I came up with this recipe for a friend whose husband has been put on a really restrictive diet. At first, I was disappointed, because my intention was to make a dough for rollable cinnamon rolls, but the dough was too wet so I had to glop it all in the baking dish. My husband, however, vetoed my plans to rework the recipe. “It’s perfect,” he proclaimed, stabbing his fork into the air as an exclamation.
Usually I make a recipe a number of times to work out the kinks… but after excellent results on the second time making it, I decided to go ahead and post the recipe. I’m thinking I’m going to make this for Christmas morning. I read up on Monkeybread, and I think the recipe would work in that style, too — in a Bundt pan, maybe even starting with frozen dough. I’ll have to work on that, though.
This recipe uses no refined sugar: honey and/or agave syrup are the only sweeteners. I used egg whites, as my friend’s hubby can’t have yolks; I think it would work without eggs entirely — if you try it without eggs, up the water content and leave a comment to let me know how it worked. I used sweetened, dried cranberries, but any dried fruit would work (and would be necessary to make it truly sugar-free). I used almonds, but pecans would work fine, too.
Last caveat: The flours. I use my favorite trio of gluten-free flours in this recipe, but you may find others that work just as well or better. Post a comment if you alter the flours and let me know the result!
- Garbanzo flour is made by Bob’s Red Mill, or you can find it in any Asian market as besan, chana dal, chickpea flour, or gram flour. Expect to pay about $5-6 for a 4-pound bag of garbanzo flour at the Asian market. My favorite brand is Brar, which is a product of Canada (and which used to be labeled as gluten-free and is no longer… though there isn’t any cross-contamination warning on it).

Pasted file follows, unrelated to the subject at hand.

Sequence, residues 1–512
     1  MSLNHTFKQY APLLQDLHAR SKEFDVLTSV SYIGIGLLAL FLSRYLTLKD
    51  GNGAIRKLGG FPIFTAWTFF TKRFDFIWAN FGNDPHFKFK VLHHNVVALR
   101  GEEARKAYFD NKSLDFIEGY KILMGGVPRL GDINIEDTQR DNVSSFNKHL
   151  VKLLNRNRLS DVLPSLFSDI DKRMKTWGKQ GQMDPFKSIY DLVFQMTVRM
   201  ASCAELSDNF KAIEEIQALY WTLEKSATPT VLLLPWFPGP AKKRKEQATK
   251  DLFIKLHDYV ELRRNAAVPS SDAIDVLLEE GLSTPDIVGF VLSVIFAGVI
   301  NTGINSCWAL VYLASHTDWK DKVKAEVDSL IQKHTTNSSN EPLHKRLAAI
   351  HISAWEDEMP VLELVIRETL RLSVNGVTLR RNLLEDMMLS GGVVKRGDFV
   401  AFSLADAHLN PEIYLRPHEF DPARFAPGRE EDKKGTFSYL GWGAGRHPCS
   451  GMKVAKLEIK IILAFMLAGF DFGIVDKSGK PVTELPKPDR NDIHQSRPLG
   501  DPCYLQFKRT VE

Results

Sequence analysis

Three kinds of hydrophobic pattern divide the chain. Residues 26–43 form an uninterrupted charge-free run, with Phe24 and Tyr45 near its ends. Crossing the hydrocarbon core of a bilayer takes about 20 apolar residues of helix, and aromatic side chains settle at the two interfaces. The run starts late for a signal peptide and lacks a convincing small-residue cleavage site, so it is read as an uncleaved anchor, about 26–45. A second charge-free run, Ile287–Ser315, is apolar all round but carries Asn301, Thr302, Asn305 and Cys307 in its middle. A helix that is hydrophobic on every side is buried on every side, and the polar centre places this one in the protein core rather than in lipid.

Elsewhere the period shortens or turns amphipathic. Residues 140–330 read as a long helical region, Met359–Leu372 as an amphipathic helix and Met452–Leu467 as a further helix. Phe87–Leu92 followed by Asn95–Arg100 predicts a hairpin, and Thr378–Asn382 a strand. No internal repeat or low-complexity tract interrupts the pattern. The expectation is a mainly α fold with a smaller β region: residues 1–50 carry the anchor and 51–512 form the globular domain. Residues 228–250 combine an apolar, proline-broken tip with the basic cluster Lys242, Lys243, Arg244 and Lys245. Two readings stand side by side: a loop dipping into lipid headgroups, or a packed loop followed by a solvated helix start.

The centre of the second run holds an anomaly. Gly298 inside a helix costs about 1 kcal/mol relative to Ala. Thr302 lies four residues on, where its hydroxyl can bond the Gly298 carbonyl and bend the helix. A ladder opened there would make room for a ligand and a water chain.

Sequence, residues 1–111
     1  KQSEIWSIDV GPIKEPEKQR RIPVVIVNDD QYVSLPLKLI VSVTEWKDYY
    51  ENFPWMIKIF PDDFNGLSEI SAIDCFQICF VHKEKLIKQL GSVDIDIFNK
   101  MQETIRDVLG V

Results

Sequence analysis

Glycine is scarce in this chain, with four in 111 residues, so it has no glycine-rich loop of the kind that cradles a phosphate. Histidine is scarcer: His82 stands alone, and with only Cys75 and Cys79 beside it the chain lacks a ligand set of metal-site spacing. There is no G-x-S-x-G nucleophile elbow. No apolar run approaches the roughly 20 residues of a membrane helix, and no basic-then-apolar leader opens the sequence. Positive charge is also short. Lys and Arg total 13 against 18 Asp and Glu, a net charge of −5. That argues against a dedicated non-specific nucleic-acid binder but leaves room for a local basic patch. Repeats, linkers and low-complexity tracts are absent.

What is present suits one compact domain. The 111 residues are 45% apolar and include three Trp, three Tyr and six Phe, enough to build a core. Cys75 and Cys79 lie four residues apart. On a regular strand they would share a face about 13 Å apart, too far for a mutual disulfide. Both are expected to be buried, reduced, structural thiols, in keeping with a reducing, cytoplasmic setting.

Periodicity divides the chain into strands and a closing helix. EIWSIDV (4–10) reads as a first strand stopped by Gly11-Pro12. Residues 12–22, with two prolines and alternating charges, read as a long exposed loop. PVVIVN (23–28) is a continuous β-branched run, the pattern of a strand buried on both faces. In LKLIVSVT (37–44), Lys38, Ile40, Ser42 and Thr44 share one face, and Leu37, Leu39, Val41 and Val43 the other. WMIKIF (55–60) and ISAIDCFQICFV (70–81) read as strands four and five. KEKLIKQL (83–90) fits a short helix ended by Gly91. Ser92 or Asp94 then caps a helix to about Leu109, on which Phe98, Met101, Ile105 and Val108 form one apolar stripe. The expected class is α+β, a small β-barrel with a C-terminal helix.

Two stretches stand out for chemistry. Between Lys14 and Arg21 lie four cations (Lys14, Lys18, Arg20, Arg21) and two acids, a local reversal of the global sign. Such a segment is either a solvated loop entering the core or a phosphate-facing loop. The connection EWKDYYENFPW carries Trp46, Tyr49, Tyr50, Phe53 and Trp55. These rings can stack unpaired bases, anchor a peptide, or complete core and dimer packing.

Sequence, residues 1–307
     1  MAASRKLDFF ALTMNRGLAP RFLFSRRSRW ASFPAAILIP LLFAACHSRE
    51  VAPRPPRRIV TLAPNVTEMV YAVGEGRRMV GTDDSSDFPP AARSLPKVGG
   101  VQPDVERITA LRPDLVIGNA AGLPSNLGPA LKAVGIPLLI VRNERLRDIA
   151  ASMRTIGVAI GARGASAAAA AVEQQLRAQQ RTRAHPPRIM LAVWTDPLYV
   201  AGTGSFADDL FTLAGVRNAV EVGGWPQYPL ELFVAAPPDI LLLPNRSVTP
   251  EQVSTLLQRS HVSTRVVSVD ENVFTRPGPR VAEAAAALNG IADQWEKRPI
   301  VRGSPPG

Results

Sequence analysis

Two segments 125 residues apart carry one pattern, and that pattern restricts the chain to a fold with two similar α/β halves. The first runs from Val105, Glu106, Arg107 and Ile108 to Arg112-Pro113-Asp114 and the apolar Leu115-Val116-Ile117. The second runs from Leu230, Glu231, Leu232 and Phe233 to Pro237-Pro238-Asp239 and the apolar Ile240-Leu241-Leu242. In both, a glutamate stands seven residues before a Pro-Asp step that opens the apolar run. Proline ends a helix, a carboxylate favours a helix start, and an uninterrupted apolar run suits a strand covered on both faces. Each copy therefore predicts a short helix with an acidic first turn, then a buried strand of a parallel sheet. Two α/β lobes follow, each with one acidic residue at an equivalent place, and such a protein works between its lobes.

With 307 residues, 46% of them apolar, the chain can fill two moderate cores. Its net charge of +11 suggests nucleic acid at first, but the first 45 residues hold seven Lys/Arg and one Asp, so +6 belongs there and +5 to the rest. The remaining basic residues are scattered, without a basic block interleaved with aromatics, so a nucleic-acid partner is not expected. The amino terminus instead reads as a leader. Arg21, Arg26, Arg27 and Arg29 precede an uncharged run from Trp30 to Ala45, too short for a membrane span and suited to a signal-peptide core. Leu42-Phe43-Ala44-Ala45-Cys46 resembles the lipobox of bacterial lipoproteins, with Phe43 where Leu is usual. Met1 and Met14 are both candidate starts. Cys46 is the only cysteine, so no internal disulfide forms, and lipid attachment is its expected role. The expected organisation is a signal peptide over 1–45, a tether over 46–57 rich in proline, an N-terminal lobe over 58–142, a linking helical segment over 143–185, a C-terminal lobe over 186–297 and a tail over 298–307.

- Mung bean starch is very common in Korean cooking; most Asian markets are organized by nationality/region, so you’d find it on the Korean aisle. Or Chinese. I’ve purchased it from both. It’s also known, cryptically, as green bean powder or green bean starch, since mung beans are small and green. Mung bean starch is a bit pricey, at around $2.50 – 3.50 per pound in the store, and about double that online.
- You can find gluten-free oat flour in many well-stocked grocery stores, or mill your own in a blender, sifting it through a wire sieve afterward.
Cranberry-Almond Stickybread (click for printable PDF)
About an hour and ten minutes from start to finish
Makes 15 servings
- Grease a large baking dish (I use a 9″ x 13″ Pyrex, though size is flexible. I also use Spectrum Organic non-hydrogenated Shortening to grease my pans.)
- Turn on your oven to 350°F for only 2 minutes. Turn off. This provides a warm location for dough to rise.
1¾ cup warm water
1 Tbsp yeast
2 Tbsp honey
- Gently combine water, yeast, and honey, and let sit (proof) for ten minutes
1½ cups garbanzo flour
1½ cups oat flour
1½ cups mung bean starch
¼ tsp cream of tartar
1 tsp sea salt
2 tsp xanthan gum
- Whisk together these dry ingredients in a large bowl. Set aside.
4 egg whites
- When the yeast mixture is done proofing, whisk in 4 egg whites, stirring briskly to combine.
- Add the yeast and egg mixture to the flour mixture, whisking quickly and thoroughly to combine. Set aside to rest about five minutes.
½ – ¾ cup honey OR agave syrup OR a combination of the two
2 tsp cinnamon
- Warm the honey to liquefy using a microwave for 10-15 seconds, or setting the container in a pan of very warm water.
- Stir briskly to combine the cinnamon with honey.
½ cup almond meal
½ cup blanched, slivered almonds (or other chopped nut)
½ cup sweetened, dried cranberries (or other dried fruit)
- Stir the dough, then with two spoons, drop spoonfuls of dough into the baking dish, using half to two-thirds of the dough.
- Drizzle about half of the honey-cinnamon mixture over the lumps of dough, then top with about 1/3 cup of the almond meal and all of the slivered almonds and dried cranberries.
- Drop the remaining dough in small lumps over the first layer. Drizzle with remaining honey mixture and sprinkle with remaining almond meal.
- Place into slightly warm oven or other warm place and let rise for 20 minutes.
- Remove baking dish, cover with a clean kitchen towel, and preheat oven to 375°F for about ten minutes, for a total rising time of 30 minutes. Dough will have doubled in size (or just a little less-than-doubled).
- Bake uncovered for 25-30 minutes, until top no longer feels spongy when touched lightly, and top is a nice, golden brown, and honey is sizzling along the sides of the dish.
- Cut into 15 servings. Serve warm, with a side of dairy-free ice cream, or topped with whipped cream if you can have dairy. (Tastes good cold, too, on the off-chance that there are leftovers.)